Shine A Light

This market isn't working. UK government contractors exploit secrecy and weak competition

The government keeps taxpayers in the dark about billions paid to private contractors. A Parliamentary watchdog demands transparency and proof that competition exists.

Richard Garside
17 March 2014

"Government spends £187 billion on goods and services with third parties each year, around half of which is estimated to be on contracted out services." So claims a report by the House of Commons Public Accounts Committee (PAC), published last week, on the contracting out of public services to the private sector.

'Estimated' is the operative word here, for a cloak of secrecy shrouds government contracts. The Public Accounts Committe, whose job is to ensure that the public gets value for money, notes:

"Too often the government has used commercial confidentiality as an excuse to withhold information, often in response to Freedom of Information (FOI) requests from the public and MPs."

Greater openness in government contracts — "transparency, not commercial sensitivity, as their default position" — is one of the committee's five 'areas for improvement' in the way government does business.

The MPs also calls for greater competition in the market for government business:

"Some private sector providers have grown significantly in recent years, often through buying up competitors or other organisations in their supply chain... But the government has not analysed directly the implications on the operation of the marketplace, and on the delivery of public services. Some public service markets, such as for private prisons, asylum accommodation or the Work Programme are now dominated by a small number of contractors, and the government is exposed to huge delivery and financial risks should one of these suppliers fail. At the very least, limited markets lack the competition required to ensure that taxpayers get the best deal."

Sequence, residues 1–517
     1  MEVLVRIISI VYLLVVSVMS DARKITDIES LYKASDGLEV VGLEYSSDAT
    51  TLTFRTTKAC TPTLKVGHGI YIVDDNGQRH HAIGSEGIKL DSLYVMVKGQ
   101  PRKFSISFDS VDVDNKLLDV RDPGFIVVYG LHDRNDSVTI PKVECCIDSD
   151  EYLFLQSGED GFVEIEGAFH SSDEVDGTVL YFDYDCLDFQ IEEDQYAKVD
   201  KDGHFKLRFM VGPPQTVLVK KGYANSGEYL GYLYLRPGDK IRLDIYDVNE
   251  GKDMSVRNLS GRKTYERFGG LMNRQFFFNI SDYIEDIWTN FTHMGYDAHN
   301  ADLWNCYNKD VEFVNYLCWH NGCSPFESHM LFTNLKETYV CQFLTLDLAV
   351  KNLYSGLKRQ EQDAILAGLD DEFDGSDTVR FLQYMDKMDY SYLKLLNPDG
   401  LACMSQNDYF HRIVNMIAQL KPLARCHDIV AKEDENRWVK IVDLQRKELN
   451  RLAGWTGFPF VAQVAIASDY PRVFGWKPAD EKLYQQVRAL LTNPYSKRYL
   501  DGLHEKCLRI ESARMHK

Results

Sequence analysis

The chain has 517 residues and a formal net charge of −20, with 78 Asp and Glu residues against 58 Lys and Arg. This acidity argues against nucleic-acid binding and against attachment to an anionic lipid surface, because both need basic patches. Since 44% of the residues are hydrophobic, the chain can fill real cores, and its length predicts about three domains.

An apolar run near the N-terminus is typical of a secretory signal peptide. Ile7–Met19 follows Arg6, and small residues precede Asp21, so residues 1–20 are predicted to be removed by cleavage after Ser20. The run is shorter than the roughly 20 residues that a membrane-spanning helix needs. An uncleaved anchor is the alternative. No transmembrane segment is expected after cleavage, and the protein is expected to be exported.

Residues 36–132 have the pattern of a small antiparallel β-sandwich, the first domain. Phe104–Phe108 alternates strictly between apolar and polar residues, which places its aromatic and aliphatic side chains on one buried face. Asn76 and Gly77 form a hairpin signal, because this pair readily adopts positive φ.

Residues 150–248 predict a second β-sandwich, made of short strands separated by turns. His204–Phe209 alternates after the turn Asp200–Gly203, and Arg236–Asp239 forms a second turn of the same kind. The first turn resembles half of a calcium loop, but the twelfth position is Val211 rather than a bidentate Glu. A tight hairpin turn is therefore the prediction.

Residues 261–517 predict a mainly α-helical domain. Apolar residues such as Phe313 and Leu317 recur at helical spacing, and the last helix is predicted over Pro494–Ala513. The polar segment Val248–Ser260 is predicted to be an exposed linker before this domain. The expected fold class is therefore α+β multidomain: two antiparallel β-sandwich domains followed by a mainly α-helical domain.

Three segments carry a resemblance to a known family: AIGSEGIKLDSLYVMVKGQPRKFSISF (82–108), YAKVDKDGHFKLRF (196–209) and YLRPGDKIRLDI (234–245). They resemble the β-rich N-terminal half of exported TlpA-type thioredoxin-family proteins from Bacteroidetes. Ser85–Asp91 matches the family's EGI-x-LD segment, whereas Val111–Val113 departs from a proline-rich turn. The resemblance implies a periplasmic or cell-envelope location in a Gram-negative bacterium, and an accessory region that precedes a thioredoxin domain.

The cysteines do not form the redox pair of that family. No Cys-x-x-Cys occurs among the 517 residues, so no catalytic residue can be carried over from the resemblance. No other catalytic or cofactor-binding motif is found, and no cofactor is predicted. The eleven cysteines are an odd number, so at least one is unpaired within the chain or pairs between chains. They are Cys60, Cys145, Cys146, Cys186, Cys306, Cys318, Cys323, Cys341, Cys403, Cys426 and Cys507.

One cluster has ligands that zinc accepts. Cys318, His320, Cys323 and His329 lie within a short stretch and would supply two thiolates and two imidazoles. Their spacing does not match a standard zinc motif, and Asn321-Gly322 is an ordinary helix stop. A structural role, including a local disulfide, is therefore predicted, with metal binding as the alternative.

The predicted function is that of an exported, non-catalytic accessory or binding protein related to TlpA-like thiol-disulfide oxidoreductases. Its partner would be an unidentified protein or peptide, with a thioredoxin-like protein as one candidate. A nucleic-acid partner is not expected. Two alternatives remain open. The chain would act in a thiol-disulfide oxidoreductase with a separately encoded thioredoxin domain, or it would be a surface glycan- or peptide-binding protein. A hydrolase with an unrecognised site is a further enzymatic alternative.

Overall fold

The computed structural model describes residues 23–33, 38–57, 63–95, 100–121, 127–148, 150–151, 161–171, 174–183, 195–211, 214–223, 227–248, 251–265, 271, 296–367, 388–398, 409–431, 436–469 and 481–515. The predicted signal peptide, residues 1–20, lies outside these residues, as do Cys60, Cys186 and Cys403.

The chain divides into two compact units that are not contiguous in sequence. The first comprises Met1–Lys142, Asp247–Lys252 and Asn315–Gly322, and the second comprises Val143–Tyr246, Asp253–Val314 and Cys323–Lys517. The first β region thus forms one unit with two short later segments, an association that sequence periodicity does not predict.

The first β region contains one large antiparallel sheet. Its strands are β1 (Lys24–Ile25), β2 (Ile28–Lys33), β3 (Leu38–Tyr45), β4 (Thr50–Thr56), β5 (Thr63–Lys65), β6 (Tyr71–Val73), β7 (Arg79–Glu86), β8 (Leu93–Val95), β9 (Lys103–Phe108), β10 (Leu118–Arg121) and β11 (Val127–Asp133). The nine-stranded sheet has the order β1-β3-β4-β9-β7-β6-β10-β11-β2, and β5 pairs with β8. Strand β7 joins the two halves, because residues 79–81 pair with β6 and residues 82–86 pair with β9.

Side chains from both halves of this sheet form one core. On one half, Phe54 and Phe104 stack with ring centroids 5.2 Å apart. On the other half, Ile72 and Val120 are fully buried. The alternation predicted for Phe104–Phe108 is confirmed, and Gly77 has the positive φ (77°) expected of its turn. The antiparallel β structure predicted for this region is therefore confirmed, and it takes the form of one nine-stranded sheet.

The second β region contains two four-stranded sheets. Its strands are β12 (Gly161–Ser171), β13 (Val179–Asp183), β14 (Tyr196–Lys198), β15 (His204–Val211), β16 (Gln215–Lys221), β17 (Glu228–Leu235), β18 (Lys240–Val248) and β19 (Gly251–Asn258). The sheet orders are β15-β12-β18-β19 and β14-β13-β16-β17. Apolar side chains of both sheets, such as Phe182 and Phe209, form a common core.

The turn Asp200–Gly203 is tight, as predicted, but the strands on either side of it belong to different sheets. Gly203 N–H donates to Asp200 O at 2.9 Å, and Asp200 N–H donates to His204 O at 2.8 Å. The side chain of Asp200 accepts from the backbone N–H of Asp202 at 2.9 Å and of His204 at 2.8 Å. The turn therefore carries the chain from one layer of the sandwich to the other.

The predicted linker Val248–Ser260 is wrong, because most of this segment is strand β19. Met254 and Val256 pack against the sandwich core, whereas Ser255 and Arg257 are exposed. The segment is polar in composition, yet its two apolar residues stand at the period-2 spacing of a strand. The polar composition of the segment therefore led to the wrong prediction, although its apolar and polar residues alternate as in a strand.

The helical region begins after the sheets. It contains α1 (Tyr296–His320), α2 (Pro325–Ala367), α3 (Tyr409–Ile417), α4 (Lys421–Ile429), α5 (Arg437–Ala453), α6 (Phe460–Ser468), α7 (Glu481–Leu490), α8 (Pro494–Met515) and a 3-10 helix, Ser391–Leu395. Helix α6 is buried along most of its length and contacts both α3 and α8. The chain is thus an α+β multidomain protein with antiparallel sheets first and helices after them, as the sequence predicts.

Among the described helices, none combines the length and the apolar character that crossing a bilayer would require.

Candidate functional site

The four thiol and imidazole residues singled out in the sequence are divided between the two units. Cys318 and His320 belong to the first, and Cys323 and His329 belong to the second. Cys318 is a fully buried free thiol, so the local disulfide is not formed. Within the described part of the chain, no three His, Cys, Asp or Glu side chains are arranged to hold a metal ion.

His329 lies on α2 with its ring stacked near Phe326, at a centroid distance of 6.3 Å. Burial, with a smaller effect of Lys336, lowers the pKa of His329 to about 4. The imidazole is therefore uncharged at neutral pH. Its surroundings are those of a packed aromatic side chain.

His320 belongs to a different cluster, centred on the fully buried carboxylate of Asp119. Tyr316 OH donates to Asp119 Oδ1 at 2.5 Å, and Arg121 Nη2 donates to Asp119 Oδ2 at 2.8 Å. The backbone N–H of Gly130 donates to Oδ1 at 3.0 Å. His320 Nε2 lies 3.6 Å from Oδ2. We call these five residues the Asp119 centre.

The Centre for Crime and Justice Studies' own research in this area, published in the latest edition of UK Justice Policy Review (UKJPR), backs up this claim.

As the figure below suggests, the marketplace in contracted out services in relation to prisoner escort, prison management and electronic monitoring is dominated by two companies: G4S and Serco.

suppliers to NOMS.jpeg

If we were to put a positive gloss on this, we might say that beneath the two dominant companies is a diversity of smaller providers that in principle could contribute to the development of a competitive marketplace.

But who are Bridgend Custodial Services, the third largest company in the figure, or Fazakerley Prison Services, the fourth largest?

If you have never heard of them, don't worry. Nor had I until we started looking at the data. Both are better known for the prisons they run: HMPs Parc and Altcourse respectively. They are also part of the G4S network of companies, as are Onley Prison Services, which runs HMP Rye Hill.

What about Moreton Prison Services, Lowdham Grange Prison Services, Pucklechurch Custodial Services and BWP Project Services? These companies are responsible for, in order, HMPs Dovegate, Lowdham Grange, Ashfield and Thameside. All are part of the Serco empire.

Agecroft Prison Management, Ashford Prison Services and Peterborough Prison Management are part of another outsourcing company - Sodexo - and run HMP/YOI Forest Bank, HMP Bronzefield and HMP Peterborough.

UKJPR 3 Combined operations figure.jpg

Once we unpick this complex network of companies, the G4S and Serco stranglehold on the market is even more apparent: accounting for three quarters of the contracting pie. Sodhexo comes in a distant third, with 16 per cent of contract value.

The data we used to draw up this analysis is partial in a number of respects. It includes only contracts with a value of more than £25,000.

And it stops at October 2012. In response to a Freedom of Information request by the Centre for Crime and Justice Studies the government claimed it intended to release more recent data. None has been forthcoming.

Data problems aside, it provides as good a sense as any of the current state of the marketplace in prison and probation services: one dominated by a couple of multinational companies with tarnished reputations.

As the government continues to press ahead with plans to privatise the probation service, this only adds to concerns that there are simply not enough credible and experienced organisations out there that can competently undertake the complex work involved.

Apart from the one that already exists of course. It's called the probation service.

 


This article appears concurrently on the Centre for Crime & Justice Studies website.

 

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